Packers notebook

DeShawn Wynn is stopped. (C. McGrath/Getty)

Wynn highlights punchless rushing attack; Williams sparks special teams; Martin a QB candidate

A 38-yard touchdown run by rookie DeShawn Wynn late in the Packers' 35-13 road win over the New York Giants on Sunday was the exception to a second straight abysmal performance in the running game.

Take away Wynn's home run, and Green Bay gained but 47 yards in 26 rushing attempts -- not including two kneel-downs by Brett Favre to end the game.

The Packers rushed for only 46 yards in their season-opening win over the Eagles.

Head coach Mike McCarthy wasn't quick to write off the contributions of Wynn, who had two TD runs and finished with 50 yards in 10 carries.

"DeShawn's run counts," McCarthy asserted Monday of the big gain. "They all count on both sides of the ball. Those two runs do count."

McCarthy, though, lamented another dose of poor execution by the offensive line. This time, the Giants periodically blew up running plays with their penetration.

"The negative of our run-blocking unit was (New York's) free hitters; we had three or four free hitters," McCarthy said. "I don't care what kind of scheme you have, there's no design for a defensive lineman to run free to the backfield.

"We had some mental errors that are very uncharacteristic of that group (the offensive line). That's a group that has a lot of pride, and they spend a lot of extra time together. We'll get that fixed; I can promise you that."

The Packers still are waiting on halfback Vernand Morency to play in a game. Morency has been dogged of late by soreness that flares up in his right knee after he practices. The projected starter sustained a strained patellar tendon in the knee on the first day of training camp and won't be cleared for game action until he's pain-free.

Morency will be questionable for Sunday's game against the Chargers.

Returner sparks rejuvenated special teams
Former practice-squad player Tramon Williams has been at the heart of a resurgence by Green Bay's special teams, which statistically ranked last in the league each of the previous two seasons.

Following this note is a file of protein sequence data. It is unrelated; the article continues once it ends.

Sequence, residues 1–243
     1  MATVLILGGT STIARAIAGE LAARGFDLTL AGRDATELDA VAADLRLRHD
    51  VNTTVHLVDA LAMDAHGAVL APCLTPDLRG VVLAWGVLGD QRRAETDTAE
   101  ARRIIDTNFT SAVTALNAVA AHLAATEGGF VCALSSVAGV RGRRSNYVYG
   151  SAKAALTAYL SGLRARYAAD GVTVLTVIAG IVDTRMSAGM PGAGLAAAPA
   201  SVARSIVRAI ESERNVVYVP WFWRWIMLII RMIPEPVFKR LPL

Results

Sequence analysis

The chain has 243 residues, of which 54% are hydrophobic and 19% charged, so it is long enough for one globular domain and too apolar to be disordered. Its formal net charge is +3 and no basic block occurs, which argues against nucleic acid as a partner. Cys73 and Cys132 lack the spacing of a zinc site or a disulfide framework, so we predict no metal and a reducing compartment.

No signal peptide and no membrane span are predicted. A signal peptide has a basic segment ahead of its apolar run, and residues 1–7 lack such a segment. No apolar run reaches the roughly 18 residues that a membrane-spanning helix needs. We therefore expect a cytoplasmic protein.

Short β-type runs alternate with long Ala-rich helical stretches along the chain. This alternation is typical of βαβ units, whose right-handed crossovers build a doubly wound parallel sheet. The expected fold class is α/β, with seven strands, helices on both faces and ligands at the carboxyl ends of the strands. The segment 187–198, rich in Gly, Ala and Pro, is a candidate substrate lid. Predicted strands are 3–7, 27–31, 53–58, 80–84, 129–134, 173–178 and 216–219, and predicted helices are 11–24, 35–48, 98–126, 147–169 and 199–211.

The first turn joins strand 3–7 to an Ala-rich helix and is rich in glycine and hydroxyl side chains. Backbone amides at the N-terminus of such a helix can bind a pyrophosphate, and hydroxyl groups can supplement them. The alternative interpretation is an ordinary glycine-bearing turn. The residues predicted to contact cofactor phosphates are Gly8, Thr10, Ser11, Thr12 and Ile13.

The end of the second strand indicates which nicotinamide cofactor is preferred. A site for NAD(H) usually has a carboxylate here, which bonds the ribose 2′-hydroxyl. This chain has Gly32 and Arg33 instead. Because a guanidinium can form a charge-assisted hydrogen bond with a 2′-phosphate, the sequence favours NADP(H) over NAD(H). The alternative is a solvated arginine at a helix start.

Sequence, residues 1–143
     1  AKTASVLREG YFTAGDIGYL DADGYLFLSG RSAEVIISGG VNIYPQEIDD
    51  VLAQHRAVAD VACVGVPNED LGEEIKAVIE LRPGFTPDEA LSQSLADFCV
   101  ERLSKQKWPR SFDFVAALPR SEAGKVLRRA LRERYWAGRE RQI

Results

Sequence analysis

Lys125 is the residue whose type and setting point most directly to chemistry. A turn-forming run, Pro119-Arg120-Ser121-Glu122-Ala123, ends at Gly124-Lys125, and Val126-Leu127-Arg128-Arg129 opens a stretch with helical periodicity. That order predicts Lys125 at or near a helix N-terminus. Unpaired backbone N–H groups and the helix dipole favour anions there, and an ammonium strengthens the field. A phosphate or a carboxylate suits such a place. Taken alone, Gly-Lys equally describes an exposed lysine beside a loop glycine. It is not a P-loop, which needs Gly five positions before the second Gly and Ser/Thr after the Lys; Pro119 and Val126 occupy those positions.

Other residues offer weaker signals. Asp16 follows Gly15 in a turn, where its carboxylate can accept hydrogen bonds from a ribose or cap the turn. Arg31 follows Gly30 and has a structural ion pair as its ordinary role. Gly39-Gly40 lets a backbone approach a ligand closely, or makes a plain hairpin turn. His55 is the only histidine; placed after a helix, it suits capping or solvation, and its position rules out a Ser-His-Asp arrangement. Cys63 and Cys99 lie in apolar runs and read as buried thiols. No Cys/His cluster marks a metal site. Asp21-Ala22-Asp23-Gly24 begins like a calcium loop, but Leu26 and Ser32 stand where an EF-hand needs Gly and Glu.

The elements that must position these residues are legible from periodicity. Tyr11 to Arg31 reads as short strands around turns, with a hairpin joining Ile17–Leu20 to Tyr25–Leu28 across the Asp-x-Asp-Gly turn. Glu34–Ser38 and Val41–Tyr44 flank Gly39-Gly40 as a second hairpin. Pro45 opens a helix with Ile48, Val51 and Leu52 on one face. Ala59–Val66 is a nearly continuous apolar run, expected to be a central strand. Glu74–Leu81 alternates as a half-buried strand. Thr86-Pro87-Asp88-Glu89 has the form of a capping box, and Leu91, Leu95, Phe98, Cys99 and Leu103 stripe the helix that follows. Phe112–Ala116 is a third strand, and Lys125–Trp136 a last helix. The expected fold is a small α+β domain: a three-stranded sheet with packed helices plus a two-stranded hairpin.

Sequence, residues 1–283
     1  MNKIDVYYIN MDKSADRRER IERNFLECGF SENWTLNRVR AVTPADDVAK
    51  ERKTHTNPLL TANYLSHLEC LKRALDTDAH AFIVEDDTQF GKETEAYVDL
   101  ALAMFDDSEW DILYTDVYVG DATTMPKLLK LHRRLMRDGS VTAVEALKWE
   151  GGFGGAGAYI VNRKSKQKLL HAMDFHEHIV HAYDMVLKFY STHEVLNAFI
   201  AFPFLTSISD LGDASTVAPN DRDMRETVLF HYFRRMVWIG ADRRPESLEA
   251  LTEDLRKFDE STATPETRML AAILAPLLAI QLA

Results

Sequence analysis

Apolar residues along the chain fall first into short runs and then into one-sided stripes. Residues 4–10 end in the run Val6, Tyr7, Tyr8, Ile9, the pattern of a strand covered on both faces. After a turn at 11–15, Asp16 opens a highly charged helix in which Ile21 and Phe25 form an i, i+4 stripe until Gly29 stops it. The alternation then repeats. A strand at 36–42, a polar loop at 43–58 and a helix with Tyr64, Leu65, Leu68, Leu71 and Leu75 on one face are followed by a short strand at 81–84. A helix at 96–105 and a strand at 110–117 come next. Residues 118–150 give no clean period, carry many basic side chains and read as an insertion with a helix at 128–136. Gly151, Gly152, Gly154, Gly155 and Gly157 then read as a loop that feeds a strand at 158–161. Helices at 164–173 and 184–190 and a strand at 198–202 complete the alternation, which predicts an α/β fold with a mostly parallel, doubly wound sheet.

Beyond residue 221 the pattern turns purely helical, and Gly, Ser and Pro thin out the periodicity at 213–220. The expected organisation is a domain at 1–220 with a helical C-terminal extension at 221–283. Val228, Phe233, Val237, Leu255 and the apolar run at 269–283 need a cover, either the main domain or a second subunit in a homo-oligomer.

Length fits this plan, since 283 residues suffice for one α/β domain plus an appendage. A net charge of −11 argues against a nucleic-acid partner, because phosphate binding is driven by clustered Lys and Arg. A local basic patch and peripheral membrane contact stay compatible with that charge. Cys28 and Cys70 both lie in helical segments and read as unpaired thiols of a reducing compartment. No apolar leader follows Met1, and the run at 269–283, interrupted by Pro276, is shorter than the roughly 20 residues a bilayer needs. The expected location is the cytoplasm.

Williams is the NFC's No. 2-rated kickoff returner with a 28.0-yard average, buoyed by a 42-yard runback to start the second half Sunday. It led to a touchdown that put the Packers ahead to stay 14-10 en route to the lopsided win.

Williams, a cornerback, is a speed demon and has sufficiently filled an early-season void created by a broken thumb suffered by top returner Will Blackmon. The coaches are keeping Blackmon off returns -- punt and kickoff -- until he proves to them that he can consistently catch the football with a small cast on his left hand.

Williams averaged 34 yards in two kickoff returns Sunday. A 46-yard runback late in the first half was nullified by a holding penalty on Colin Cole.

"Tramon Williams is going to be the kickoff guy until something else happens," special teams coordinator Mike Stock said after the game. "Right now, this guy is the guy. He's improved every week."

Williams' big return that counted in the second half preceded the latest in a string of impact plays already made by the coverage units.

Former Giant Charlie Peprah caused a fumble on Ahmad Bradshaw's kickoff return early in the fourth quarter. Tracy White made the recovery deep in New York territory, and the Packers cashed in with their second touchdown in less than two minutes to blow the game open at 28-13. White had a fumble recovery for a touchdown on a muffed punt return by the Eagles in Week 1.

The Packers' special teams have forced three turnovers in the first two weeks. They didn't have any last season.

Top emergency quarterback candidate
WR Ruvell Martin is a candidate to be the emergency No. 3 quarterback. Fellow receiver Carlyle Holiday was being groomed for that role but was placed on injured reserve Saturday with a knee injury.

McCarthy mentioned CB Charles Woodson as another possibility to step in if both Brett Favre and Aaron Rodgers were to be lost in a game.

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